Tickets for the United States Grand Prix in Austin, the lone F1 stop in the U.S. for the past decade, went on sale Wednesday and sold out in just over 24 hours, seven months ahead of the event, according to Circuit of the Americas (COTA) chairman Bobby Epstein. More than 80,000 three-day passes for reserve seats in the grandstand and general admission were snapped up, including presales, at prices ranging from $350 to $1,400. Only premium hospitality and camping options remain, with some single-day tickets expected to be added at a later date.
“We have established a good foundation to build on and we have we’ve continued to expand the entertainment offerings besides just the fantastic sport that F1 is,” Epstein said in a phone interview. “When you add the broad exposure that the sport has achieved through the Netflix show, that makes for a perfect combination.”
The F1 season kicks off this weekend in Bahrain, and the U.S., with 36 million fans, represents one of its fastest growing markets. Three-day attendance at last year’s U.S. Grand Prix of 400,000 set a new F1 record. The 1.2 million viewers on ESPN made it the most-viewed race since ESPN acquired F1 rights ahead of the 2018 season. The series added a second U.S. race to the calendar for 2022, the Miami Grand Prix in May, and Las Vegas is also on the table to host an event. Epstein says he expects an F1 Vegas race in 2023 or 2024 at the very latest.
Epstein says the early sellout gives COTA a chance to focus on corporate hospitality offerings and premium experiences, where tickets can run as high as $7,000. Another priority is the concert experience and other non-race entertainment, as gates are open at COTA for more than 40 hours during the three days. Last year’s event featured beer gardens, lucha libre wrestling and more than 30 musical acts, including headliners Billy Joel, Twenty One Pilots and Kool & The Gang.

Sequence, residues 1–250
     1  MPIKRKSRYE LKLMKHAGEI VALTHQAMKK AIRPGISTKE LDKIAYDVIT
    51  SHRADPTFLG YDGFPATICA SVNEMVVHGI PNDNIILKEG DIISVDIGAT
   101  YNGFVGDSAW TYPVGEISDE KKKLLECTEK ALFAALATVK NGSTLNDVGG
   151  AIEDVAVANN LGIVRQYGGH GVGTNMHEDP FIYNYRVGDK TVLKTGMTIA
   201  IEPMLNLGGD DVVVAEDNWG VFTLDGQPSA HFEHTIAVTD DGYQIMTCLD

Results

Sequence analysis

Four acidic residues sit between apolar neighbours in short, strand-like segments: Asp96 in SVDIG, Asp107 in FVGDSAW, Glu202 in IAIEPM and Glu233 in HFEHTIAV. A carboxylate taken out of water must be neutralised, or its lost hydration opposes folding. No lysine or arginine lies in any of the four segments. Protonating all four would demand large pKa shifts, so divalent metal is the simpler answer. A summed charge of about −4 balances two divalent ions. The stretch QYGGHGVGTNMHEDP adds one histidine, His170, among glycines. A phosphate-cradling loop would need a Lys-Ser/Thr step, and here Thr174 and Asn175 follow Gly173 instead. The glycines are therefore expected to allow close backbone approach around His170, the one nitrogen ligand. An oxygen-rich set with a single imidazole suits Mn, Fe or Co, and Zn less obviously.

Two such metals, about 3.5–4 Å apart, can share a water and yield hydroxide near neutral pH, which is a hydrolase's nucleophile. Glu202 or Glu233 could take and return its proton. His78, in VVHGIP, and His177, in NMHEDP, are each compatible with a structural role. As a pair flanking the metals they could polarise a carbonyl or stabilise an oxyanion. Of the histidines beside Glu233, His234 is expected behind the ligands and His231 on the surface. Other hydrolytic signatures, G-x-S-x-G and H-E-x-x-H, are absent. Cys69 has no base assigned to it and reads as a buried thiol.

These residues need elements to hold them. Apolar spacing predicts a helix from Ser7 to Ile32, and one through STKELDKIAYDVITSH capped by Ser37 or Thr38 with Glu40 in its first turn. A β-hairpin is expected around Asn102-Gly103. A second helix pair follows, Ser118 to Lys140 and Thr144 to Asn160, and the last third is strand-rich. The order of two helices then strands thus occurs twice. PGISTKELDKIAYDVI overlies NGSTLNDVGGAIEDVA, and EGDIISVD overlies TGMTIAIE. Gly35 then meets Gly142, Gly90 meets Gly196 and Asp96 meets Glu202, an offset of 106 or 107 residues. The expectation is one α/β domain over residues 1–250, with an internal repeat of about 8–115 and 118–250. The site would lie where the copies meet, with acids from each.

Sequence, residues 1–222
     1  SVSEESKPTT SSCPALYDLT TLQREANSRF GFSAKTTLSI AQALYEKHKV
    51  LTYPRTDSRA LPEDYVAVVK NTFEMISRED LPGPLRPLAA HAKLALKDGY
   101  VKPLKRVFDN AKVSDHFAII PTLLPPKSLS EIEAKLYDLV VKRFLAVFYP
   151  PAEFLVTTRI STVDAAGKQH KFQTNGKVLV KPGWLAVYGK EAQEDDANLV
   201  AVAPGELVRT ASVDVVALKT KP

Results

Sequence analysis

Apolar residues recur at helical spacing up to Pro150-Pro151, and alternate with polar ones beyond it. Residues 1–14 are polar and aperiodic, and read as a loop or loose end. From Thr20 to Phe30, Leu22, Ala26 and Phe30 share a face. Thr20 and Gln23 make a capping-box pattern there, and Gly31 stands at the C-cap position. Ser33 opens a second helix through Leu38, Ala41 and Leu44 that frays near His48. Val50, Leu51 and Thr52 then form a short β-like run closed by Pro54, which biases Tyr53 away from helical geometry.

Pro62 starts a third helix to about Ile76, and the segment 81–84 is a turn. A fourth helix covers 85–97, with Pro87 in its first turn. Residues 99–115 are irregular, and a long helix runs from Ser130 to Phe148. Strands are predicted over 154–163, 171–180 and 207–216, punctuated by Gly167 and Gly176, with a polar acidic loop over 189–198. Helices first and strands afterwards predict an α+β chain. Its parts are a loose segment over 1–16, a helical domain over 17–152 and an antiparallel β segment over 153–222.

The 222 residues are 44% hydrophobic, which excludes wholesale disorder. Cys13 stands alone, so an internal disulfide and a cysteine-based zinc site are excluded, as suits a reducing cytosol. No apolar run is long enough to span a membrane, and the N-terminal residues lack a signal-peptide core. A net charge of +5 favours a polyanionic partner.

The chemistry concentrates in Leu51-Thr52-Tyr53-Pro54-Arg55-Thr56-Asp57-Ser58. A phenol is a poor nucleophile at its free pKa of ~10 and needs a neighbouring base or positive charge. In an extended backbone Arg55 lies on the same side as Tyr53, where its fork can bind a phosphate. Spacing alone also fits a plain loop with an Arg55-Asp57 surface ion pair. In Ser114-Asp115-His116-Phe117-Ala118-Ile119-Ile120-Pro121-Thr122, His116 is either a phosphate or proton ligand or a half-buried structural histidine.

“We’ve learned to make this a full 360-degree entertainment event and not just rely on the race fan,” Epstein said.
Last month, COTA reached a five-year extension with F1 to host an annual event through 2026. Formula One, which Liberty Media bought in 2017, generated nearly $700 million, or 31% of its revenue, from site hosting fees last year from 22 races. Other major revenue streams are media rights (40%) and sponsorships (16%) within the $2.1 billion total.
“Austin is a great city, and the track is a favorite for all the drivers, and we cannot wait to be back in October for more action and entertainment,” Stefano Domenicali, F1 CEO, said in a statement announcing the extension with COTA.
Race day at last year’s U.S. Grand Prix featured major traffic tie-ups and long lines at concessions, as attendance reached at estimated 140,000. Epstein says they are increasing services and planning to admit 10,000 fewer fans on Sunday to help alleviate those issues.
Another new addition this year is a special $20 ticket for roughly 1,000 STEM-focused kids that is the most affordable ticket price on the F1 calendar. The single-day ticket will offer special STEM-related content that includes insights into the most technologically advanced sport. It also helps foster the next generation of fans. F1 already has one of the youngest fan bases in sports at an average age of 32 years old globally.
Attendance at the 2021 U.S. Grand Prix was nearly four times higher than the first Austin F1 race in 2012. COTA has spent roughly half-a-billion dollars over the decade to make it a world-class track and year-round destination. It will host a NASCAR race at the end of the month and MotoGP in April, while track rentals, karting, biking and concerts generate year-round revenue.
“What the F1 platform does for our brand value is that it allows us to rent our track at the highest price of any track in the world,” Epstein said.